The installation of more than four million Solar Home Systems (SHS) in the last two decades has made Bangladesh one of the biggest markets for SHS in the world. But these numbers, often held up as a renewable energy success story, actually mask a grim reality.
Many of the solar systems are of a poor quality, contributing little to the solarization of the country, say experts. High prices charged for inferior systems have emptied the pockets of consumers, but have not had a lasting impact on the overall scenario of energy generation.
According to Engineer Mahbub Sumon, a renewable energy expert, the average home solar system installed in Bangladesh in the last decade merely had a generation capacity of 20-50 watt, which is good enough for lighting only a few bulbs and fans. While modern solar panels used globally have energy efficiency of up to 22%, the Bangladesh market is still stuck with 10-12% panel efficiency. As a result, even after two decades of successful SHS dissemination throughout the country, the share of renewable energy in total electricity generation in Bangladesh is only 0.07%.
Engineer B.D. Rahmatullah, the former Director General of Power Cell, said that due to the very high prices charged for low-capacity solar systems, the concept of ‘renewable’ has gradually become unpopular among rural people.
He said, “Instead of pushing each rural household to pay a very high price for solar home systems, the Power Development Board could have built countrywide solar based minigrid and microgird systems which would drive down the price for the poor by ensuring economies of scale.”
The bulk of the solar home system installations in the country was undertaken either by the government-owned Infrastructural Development Company Limited (IDCOL) and its partner organizations or by private-sector companies. According to several officials of IDCOL partners, the commercial market which expanded during the solar home installation boom of the last twenty years severely lacked government monitoring and regulation, leading to a flood of poor quality hardware entering the market.
Currently, new installations of solar systems are encouraged by the government under a ‘Free of Cost’ program within the framework of KABITA (Kajer Binimoye Taka) or Money for Work. An executive at an IDCOL partner claimed that the ‘Free of Cost’ program of the government not only disrupted the existing business model, it also led to widespread corruption within the system of distribution. Allegations are common that the solar panels under KABITA are normally distributed to locally influential people, and hence fail to reach the bona fide non-electrified households.
Lack of ambition, policy direction
Despite the hype about renewable energy in Bangladesh, the current installed capacity of solar, wind, and biomass in Bangladesh is mere 242 MW. The government has declared a plan to install a total of only 2,666 MW renewable capacity by 2021, when the total energy generation capacity of the country will reach 24,000 MW. In contrast, the recent Indian figures of renewable energy installation show a striking escalation of electricity generation from renewable sources. India has set a course to install as much as 160,000 MW capacity of solar and wind power plants by the year of 2022.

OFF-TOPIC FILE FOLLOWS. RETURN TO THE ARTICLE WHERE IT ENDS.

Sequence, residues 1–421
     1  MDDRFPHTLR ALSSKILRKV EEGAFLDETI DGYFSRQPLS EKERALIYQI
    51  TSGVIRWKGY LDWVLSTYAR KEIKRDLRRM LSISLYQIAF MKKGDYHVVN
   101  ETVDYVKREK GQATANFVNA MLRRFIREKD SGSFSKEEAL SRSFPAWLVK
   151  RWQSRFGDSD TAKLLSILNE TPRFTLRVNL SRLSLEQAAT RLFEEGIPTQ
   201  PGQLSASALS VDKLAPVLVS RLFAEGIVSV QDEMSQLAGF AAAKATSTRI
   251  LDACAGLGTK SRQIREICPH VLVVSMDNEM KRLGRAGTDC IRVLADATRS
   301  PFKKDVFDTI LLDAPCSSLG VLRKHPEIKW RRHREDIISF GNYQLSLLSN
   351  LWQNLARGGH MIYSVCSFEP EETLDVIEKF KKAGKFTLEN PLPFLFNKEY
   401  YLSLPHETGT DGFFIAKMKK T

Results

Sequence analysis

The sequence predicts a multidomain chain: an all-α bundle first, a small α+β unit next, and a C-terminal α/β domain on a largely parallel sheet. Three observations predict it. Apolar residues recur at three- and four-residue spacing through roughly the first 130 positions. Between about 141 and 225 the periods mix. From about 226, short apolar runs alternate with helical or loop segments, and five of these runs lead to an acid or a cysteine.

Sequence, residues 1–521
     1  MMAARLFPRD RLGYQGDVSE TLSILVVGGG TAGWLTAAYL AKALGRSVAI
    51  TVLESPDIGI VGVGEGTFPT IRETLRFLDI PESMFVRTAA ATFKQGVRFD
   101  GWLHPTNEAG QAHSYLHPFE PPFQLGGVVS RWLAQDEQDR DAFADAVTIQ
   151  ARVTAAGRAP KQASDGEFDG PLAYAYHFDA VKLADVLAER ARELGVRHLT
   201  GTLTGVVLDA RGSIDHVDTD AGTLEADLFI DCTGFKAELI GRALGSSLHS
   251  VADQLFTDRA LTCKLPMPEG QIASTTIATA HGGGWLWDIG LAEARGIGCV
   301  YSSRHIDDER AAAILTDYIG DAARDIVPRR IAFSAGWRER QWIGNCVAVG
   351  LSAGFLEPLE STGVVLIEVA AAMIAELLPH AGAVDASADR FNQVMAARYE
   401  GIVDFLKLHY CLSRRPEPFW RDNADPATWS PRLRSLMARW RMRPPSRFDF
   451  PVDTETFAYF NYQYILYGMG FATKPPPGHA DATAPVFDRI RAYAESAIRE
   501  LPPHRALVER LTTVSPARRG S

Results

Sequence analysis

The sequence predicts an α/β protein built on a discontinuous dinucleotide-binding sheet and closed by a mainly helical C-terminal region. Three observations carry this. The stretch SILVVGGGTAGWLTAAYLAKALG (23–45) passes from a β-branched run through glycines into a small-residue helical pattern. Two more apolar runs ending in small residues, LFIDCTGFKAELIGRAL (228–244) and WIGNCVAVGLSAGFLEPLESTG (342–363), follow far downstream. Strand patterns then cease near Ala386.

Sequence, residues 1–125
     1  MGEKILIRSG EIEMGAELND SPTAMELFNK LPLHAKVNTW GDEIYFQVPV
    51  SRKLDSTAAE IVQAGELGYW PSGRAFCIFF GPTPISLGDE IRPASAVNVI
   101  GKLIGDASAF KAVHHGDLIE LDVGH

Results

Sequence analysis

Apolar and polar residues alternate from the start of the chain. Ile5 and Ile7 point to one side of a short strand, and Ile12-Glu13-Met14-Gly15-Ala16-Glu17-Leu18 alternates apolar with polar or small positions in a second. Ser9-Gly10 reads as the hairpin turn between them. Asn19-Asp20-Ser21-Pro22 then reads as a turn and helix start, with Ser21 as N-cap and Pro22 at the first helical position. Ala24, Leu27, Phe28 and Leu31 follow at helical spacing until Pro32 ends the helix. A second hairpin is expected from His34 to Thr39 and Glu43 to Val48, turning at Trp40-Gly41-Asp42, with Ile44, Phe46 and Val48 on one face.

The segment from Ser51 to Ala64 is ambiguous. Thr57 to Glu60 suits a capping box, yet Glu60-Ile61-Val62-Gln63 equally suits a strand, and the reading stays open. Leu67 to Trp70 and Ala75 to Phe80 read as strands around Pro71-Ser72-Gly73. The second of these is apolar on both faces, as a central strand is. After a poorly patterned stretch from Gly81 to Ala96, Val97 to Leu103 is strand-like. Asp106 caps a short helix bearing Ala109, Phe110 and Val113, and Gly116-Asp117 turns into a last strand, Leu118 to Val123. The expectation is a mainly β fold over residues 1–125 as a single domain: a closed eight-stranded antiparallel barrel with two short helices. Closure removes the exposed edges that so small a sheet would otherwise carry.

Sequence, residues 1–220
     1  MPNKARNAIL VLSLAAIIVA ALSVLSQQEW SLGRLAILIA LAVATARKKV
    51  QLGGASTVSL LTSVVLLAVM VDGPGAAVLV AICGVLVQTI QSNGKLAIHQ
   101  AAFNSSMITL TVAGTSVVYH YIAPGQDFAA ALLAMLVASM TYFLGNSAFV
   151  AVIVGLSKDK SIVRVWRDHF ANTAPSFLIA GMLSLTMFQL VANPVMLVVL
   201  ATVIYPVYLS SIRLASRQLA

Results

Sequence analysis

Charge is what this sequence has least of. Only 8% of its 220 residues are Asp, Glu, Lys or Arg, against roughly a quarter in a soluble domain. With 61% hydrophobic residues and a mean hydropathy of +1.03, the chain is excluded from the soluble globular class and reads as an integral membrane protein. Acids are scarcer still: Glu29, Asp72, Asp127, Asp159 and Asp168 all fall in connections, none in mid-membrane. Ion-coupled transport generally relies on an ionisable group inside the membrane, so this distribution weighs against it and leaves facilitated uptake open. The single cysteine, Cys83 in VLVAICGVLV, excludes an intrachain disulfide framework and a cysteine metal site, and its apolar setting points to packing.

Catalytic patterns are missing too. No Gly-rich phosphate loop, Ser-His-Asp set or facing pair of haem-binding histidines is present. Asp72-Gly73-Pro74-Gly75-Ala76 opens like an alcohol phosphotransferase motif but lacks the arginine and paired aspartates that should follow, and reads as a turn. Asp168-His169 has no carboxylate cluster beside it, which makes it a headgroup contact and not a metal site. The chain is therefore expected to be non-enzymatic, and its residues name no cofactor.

While the recent Power Sector Master Plan (PSMP-2016) of Bangladesh government has shown the potential of renewable-based electricity generation to be as low as 3% by 2041, India sets a target to achieve as much as 40% of its electricity generation from non-fossil fuel renewable sources by 2030. Similarly, Germany is now producing 31% of its electricity from renewable sources and set a target to achieve 35-40% of its required electricity from renewable sources by 2025.
At a time when heavily industrialized countries like Germany and France and even developing countries like India drastically shifted from fossil fuel to renewable sources, Bangladesh government has been criticized for its inclination towards coal and nuclear energy. The PSMP-2016 has fixed a target of generating as much as 35% of electricity from coal and 10% from nuclear energy by 2041.
Meanwhile, 15% of electricity generation is expected to come from a combination of renewable sources and imported power by 2041. This particular combination of energy sources makes it difficult to figure out the exact share of renewable electricity from the energy mix. According to Professor Anu Muhammad, the member secretary of National Committee to protect Oil Gas Mineral Resources Power and Ports, this is a deceptive character of the PSMP’s renewable energy target. In this way, the renewable based power generation quota can easily be replaced by pumping imported electricity into the system.
Sheikh Reaz Ahmed, the Director of Sustainable and Renewable Energy Development Authority (SREDA) has identified ‘the lack of empowerment of SREDA’ as an obstacle to boosting renewable energy in Bangladesh. “Although SREDA is the nodal agency for renewable energy, it has limited authority to contribute to the expansion of renewable energy in Bangladesh,” he said.
This was echoed by BD Rahmatullah who referred to SREDA as a ‘toothless tiger’ whose real potential has been restricted by the Ministry of Power, Energy and Mineral Resources.
Moshahida Sultana, Associate Professor of Economics at Dhaka University, said: “Clean energy transition is an evolving process requiring not only new investments and infrastructure, but also price regulation, government interventions, subsidies and local innovation incentives. While sensible governments around the world are adopting appropriate policies to make major shifts towards renewable, the Bangladesh government is going in a flawed direction.”
Mowdud Rahman is an engineer and researcher and Maha Mirza is a researcher and activist.